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Paris Green is a common name for copper(II)-acetoarsenite, or C.I. Pigment Green 21, an extremely toxic blue green chemical with four main uses: pigment, animal poison (mostly rodenticide), insecticide, and blue colorant for fireworks.
Additional recommended knowledge
Other names for the chemical are Emerald Green, Parrot Green, Schweinfurt Green, Imperial Green, Vienna Green, and Mitis Green. It is almost never called Paris Green when referencing its use as a pigment. Since the use of Emerald Green as a pigment has been abandoned (around 1960), if one comes across the chemical today it is usually referred to as Paris Green.
It was once a popular pigment, C.I. Pigment Green 21, used in artists' paints. When used as a pigment it was almost always given a color-based name, usually Emerald Green. The brilliance of this pigment has not been matched by modern pigment chemistry. The modern, significantly less vivid, substitution is a mixture of phthalocyanine green (blue shade), an organic lemon yellow, and white. Modern imitations either call themselves "Emerald Green" or "Permanent Green". The closest match to true Emerald Green in watercolors, Winsor & Newton's "Emerald Green", is impermanent and was recently discontinued.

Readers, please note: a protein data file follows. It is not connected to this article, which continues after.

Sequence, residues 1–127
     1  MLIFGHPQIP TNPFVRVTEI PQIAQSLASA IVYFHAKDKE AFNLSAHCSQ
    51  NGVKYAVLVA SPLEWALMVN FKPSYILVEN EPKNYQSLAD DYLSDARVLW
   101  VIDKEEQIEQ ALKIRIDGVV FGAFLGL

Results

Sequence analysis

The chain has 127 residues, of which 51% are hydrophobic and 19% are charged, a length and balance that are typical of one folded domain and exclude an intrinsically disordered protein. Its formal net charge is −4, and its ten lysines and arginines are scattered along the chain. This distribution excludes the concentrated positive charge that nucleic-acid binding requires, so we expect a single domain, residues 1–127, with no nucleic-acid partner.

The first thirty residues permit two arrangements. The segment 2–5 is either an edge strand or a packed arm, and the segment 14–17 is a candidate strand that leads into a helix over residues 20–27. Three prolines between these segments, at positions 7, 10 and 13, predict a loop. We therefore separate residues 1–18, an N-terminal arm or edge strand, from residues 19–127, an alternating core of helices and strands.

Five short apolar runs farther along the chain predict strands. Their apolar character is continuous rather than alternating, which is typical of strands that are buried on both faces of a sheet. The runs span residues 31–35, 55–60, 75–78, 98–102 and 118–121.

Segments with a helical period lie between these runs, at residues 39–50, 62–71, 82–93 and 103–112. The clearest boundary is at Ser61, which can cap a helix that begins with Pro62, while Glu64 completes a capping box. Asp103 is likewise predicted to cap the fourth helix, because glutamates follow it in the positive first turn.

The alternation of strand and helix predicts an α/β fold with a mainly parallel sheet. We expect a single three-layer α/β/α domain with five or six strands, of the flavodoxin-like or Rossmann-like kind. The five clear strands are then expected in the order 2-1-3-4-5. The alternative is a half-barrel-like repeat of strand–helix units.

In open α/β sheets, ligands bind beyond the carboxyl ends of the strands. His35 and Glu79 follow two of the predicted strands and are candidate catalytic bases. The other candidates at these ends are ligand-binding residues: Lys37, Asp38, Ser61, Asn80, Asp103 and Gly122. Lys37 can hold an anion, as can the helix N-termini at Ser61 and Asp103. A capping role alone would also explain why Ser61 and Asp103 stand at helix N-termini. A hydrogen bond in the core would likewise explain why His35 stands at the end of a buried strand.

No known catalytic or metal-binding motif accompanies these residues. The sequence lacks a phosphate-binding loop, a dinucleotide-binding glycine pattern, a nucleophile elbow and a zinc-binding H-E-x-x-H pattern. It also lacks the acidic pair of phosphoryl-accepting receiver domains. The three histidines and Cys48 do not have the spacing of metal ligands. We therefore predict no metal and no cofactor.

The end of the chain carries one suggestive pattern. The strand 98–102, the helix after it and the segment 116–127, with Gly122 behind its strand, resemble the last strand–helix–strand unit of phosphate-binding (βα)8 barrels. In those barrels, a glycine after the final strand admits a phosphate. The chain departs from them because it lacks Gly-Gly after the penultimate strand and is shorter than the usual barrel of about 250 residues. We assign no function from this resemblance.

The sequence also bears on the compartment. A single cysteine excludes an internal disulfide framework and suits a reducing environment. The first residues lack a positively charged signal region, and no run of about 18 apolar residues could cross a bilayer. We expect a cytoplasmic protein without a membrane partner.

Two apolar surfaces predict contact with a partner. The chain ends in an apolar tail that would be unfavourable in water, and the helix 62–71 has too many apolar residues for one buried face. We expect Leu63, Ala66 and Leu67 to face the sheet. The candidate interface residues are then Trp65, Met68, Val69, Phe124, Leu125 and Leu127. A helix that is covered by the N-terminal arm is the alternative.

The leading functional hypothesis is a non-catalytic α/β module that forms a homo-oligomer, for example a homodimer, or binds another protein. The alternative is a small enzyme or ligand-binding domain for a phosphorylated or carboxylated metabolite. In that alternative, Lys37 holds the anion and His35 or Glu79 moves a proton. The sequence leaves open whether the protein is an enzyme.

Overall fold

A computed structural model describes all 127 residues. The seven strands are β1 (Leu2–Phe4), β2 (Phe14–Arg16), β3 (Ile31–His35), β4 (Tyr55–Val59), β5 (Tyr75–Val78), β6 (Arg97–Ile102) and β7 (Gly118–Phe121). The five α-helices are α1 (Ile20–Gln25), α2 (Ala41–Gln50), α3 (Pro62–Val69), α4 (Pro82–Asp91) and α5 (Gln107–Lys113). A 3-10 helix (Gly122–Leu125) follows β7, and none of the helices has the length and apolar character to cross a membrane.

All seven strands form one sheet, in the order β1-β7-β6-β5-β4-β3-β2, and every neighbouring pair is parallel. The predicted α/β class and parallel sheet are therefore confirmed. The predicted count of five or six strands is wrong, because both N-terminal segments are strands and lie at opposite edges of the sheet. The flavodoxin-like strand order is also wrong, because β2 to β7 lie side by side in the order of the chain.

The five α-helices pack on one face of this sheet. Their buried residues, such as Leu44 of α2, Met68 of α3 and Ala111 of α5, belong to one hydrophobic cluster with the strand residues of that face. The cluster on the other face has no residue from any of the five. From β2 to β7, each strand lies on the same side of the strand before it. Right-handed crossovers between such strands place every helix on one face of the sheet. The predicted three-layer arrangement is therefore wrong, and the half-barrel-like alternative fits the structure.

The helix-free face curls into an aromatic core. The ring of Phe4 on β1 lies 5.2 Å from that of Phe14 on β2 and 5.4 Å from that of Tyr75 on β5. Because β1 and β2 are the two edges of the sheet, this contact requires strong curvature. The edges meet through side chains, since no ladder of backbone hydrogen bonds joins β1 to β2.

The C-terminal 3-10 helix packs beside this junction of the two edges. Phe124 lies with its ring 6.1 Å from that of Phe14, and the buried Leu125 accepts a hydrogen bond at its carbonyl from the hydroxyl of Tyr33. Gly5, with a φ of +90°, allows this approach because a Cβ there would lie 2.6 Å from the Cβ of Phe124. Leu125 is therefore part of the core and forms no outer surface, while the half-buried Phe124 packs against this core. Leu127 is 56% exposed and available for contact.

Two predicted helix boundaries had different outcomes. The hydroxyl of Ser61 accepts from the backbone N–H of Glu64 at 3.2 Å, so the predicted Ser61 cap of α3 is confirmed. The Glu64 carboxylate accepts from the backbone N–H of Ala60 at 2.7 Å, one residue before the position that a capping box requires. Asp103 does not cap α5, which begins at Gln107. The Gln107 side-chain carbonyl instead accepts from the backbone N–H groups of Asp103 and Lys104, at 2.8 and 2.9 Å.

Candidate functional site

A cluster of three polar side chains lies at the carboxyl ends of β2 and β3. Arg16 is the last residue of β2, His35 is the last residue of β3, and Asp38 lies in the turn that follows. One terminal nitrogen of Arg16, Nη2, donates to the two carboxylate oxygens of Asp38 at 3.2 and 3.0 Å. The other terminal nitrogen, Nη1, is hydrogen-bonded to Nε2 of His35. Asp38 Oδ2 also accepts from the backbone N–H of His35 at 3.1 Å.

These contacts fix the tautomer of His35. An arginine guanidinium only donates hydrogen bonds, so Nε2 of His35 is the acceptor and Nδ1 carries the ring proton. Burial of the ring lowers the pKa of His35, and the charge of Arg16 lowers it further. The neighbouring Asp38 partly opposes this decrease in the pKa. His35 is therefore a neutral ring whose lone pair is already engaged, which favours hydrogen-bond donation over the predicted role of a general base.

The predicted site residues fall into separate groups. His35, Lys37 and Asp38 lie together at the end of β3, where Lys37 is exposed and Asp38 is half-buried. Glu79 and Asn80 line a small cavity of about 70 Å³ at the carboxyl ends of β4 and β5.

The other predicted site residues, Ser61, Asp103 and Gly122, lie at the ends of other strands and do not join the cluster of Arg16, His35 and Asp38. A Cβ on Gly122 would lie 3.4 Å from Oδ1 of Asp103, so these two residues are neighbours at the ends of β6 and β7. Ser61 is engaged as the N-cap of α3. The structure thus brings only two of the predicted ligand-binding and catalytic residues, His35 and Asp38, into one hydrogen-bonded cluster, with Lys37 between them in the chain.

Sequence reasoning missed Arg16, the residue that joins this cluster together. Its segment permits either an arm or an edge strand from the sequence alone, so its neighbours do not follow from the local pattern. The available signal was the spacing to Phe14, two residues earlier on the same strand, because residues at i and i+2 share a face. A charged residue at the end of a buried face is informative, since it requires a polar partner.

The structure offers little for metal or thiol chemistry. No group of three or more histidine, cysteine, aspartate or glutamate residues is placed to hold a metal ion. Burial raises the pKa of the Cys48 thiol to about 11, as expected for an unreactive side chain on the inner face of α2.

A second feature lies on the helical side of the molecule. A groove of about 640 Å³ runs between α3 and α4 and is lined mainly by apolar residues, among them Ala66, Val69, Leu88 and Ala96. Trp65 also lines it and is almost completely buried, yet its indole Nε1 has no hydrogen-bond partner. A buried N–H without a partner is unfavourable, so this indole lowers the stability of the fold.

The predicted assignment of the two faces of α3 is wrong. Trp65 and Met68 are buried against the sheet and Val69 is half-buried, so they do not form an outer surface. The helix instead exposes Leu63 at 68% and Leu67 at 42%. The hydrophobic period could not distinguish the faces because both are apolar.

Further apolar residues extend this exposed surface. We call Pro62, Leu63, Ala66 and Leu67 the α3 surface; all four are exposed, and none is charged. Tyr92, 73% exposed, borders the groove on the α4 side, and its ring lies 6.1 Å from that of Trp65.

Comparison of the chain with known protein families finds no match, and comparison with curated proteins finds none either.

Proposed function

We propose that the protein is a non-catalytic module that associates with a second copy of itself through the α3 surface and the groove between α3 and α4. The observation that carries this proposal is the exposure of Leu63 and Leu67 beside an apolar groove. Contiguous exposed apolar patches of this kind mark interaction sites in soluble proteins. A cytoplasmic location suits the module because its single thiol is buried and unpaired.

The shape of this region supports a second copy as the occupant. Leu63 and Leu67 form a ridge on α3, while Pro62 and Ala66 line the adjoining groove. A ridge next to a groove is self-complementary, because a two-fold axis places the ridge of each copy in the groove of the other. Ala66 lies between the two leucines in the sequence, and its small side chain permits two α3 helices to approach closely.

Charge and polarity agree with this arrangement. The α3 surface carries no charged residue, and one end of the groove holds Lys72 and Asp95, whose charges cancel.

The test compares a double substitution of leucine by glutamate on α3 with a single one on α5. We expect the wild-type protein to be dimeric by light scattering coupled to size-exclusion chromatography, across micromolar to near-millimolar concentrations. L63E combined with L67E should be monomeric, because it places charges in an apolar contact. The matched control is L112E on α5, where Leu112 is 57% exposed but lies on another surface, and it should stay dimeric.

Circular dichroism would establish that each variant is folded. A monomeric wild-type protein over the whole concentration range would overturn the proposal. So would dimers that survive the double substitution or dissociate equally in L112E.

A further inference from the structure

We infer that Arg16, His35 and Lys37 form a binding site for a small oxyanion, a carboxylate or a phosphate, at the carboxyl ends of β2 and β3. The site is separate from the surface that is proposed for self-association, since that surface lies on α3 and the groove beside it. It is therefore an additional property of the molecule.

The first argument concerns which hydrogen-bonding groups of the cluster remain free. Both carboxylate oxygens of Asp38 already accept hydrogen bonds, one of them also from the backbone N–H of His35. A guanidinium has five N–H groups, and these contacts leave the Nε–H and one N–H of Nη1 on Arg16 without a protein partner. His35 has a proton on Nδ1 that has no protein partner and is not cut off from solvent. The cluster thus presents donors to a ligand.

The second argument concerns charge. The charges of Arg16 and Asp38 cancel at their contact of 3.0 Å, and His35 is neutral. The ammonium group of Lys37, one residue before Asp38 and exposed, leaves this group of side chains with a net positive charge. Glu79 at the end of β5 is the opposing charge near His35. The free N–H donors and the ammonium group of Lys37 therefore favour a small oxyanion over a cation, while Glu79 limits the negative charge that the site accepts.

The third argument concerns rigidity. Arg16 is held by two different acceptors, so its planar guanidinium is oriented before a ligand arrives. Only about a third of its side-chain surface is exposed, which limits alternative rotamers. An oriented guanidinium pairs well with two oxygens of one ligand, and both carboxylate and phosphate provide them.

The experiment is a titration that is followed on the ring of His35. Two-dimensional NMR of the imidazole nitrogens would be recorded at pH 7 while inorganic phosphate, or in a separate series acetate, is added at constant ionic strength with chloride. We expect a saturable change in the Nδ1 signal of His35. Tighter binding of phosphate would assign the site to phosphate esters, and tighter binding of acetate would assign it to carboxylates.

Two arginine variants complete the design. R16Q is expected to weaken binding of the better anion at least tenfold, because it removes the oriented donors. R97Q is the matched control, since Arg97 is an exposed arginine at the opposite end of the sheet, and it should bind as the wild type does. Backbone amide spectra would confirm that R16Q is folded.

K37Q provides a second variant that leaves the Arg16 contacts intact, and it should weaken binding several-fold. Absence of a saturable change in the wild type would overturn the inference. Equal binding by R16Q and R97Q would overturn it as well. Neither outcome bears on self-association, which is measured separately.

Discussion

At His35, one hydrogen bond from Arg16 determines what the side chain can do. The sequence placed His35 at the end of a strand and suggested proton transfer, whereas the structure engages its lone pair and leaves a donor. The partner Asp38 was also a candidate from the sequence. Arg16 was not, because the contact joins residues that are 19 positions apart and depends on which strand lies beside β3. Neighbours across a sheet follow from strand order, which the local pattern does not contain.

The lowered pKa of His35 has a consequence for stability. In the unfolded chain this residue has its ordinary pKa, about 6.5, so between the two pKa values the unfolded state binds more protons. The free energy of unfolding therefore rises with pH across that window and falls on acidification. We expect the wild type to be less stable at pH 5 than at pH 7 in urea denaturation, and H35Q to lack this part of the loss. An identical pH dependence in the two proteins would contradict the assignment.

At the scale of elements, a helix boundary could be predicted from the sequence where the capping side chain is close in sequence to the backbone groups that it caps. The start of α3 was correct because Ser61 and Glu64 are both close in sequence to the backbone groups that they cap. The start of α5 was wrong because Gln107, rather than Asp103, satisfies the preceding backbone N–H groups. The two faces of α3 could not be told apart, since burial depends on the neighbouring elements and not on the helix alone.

It was once used to kill rats in Parisian sewers, hence the common name Paris Green. It was also used in America and elsewhere as an insecticide for produce, such as apples, around 1900, where it was blended with lead arsenate. This quite toxic mixture is said to have burned the trees and the grass around the trees. Old pianos may contain this mixture, or either of its components. It may still be found in limited use as an insecticide, primarily in the developing world, and as a fireworks colorant. It is reportedly very difficult to obtain a good blue in fireworks with any other chemical. Paris Green was once a popular pigment for painting ships, because its toxicity prevented the accumulation of barnacles.
Scheele's green is a chemically simpler, less brilliant, and less permanent, synthetic copper-arsenic pigment used for a rather short time before Emerald Green was first synthesized, which was approximately 1814. It was popular as a wallpaper pigment, and would degrade, with moisture and moulds, to arsine gas. Emerald green may have also been used in wallpaper to some extent and may have also degraded similarly. Both pigments were once used in printing ink formulations.